Whenever the subject of real estate affordability comes up there's a strange gap where title insurance is concerned. With the stealth of Houdini, the fees and charges paid for title insurance seem eternally overlooked -- and grossly higher than necessary.
Title insurance or its equivalent is something homebuyers want and need. You want to make sure that title defects, hidden liens and other problems that existed prior to closing are resolved without additional time and money.
The issue with title insurance or equivalent protection such as the state-mandated program they have in Iowa, is not whether such coverage is necessary, instead the issue is cost.
More than a quarter of a century ago, in 1980, Luiz Simmons -- then and now a Maryland state delegate -- undertook a study of title insurance costs. The study plainly found that "title insurance losses constitute a minor portion of the premium with a major portion going to acquisition underwriting and loss prevention costs."
How much of the premium went to commissions for title agents? The study found that commissions often represented 60 percent or more of the entire premium.
In other words, if you were a title insurance company your big cost was not fixing title problems, it was selling policies. Since consumers were picking title agents and not title insurance policies, the way to sell policies was -- and is -- to offer the highest possible fees to title agents, the folks who do title and settlement work.
You might think that the Simmon's study is old news but that's not the case. Testifying before Congress in 2006, J. Robert Hunter, Director of Insurance for the Consumer Federation of America said that "on a countrywide basis, the top four title insurers paid an average of about 80 percent of the title insurance premiums to their title agents in the form of commissions. An analysis of commission splits in California found that between 8 percent and 12 percent of the premium was paid to the title underwriter and between 88 percent and 92 percent of the premium was paid to the title agent."
"It should be noted," Hunter continued, "that the commission split is not disclosed to borrowers. The HUD-1 form that discloses the costs of title insurance to borrowers at line 1108 merely shows the total premium amount the buyer pays for title insurance, but homebuyers assume that the entirety of the premium goes toward underwriting, not the real estate intermediary in the room with them at the time of closing."
Now comes word from New Jersey of an idea which gets to the heart of the title insurance controversy: Instead of banning premium rebates to consumers, why not allow them?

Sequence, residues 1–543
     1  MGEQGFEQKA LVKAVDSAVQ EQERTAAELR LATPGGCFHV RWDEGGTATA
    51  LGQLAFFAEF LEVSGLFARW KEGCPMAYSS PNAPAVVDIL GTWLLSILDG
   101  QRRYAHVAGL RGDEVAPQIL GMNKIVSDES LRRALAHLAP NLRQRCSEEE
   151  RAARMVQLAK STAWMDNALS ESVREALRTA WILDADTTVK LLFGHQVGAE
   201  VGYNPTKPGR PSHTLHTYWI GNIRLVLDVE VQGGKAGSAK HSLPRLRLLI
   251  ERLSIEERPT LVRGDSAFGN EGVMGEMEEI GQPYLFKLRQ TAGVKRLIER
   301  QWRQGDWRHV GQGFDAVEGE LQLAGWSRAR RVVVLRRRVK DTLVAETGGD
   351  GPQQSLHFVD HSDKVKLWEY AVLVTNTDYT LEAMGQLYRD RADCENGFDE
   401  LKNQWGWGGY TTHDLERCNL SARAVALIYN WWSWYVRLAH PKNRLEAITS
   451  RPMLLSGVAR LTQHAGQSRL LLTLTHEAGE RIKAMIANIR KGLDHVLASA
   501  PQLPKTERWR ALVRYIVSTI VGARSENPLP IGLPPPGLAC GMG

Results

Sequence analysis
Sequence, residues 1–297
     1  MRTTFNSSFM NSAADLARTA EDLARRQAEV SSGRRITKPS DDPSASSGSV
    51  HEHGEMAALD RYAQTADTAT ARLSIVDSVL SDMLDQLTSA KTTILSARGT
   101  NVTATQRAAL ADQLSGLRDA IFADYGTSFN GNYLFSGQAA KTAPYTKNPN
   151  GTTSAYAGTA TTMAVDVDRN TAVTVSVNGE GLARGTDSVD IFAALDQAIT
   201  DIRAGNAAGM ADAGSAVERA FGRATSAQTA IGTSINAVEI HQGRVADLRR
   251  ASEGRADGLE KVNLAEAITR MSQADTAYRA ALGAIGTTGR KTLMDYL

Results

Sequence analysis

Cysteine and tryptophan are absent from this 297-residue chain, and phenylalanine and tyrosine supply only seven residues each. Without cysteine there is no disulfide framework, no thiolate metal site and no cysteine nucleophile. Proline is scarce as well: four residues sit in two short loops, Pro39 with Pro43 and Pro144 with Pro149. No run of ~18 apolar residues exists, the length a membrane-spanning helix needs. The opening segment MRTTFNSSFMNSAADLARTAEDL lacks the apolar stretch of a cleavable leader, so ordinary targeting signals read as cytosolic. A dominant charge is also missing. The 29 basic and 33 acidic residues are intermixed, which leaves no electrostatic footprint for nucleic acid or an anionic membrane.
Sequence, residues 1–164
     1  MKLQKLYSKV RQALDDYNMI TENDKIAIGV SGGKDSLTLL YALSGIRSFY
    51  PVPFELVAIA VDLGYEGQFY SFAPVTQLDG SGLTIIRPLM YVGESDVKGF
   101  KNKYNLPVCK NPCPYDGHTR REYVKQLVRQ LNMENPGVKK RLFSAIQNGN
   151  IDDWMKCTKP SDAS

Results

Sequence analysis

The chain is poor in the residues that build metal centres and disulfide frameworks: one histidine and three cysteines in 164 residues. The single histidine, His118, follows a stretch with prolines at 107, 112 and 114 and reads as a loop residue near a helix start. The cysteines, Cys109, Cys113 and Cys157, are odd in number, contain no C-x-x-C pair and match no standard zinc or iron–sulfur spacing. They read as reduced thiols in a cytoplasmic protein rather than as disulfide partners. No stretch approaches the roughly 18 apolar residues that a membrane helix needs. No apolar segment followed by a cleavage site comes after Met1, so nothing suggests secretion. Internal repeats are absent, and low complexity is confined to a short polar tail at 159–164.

Offered by state senator Raymond J. Lesniak, senate bill No. 2229 would allow title insurance companies and title insurance agents to offer "a rebate, discount, abatement, credit or reduction of premium, or other benefit or inducement in connection with a contract of title insurance."
Instead of state-mandated monopoly pricing, homebuyers would be able to shop for title insurance on the basis of the policy with the lowest cost.
Interestingly enough, at least one title insurance agency -- myClosingSPACE.com -- supports the plan.
In business for a year and now licensed in New York, Pennsylvania, Florida and Massachusetts as well as New Jersey, Company president and CEO Sam Ingram says myClosingSPACE.com is a title agent that supports the proposed New Jersey legislation.
"If this bill is passed it will give the consumer unprecedented flexibility to save money on title services," says Ingram.
"MyClosingSPACE.com favors this bill," says Ingram, "because we have a different business model from all other title companies. We offer our services directly to the consumer rather than going through lender's, attorney's, and Realtors (LAR's). Even though myClosingSPACE.com is only a year old, we processed over 500 quotes for title insurance during the month of January 2007. We've leveraged the Internet and various consumer events (such as our season sponsorship of the NJ Nets) to drive volume. The resulting economies of scale and efficiencies in our processes allow us to offer the lowest possible rates and fees that the state of NJ will allow."
But why should the state of New Jersey, or any state, prohibit lower fees to consumers? How is that in the public interest? Who benefits? In other states Ingram says his company is actually able to offer lower fees than what he is forced to charge in New Jersey.
Sen. Lesniak has a smart idea, one which assumes that competition is good for the marketplace. His bill ought to pass and other states should look with care at the Lesniak proposal.
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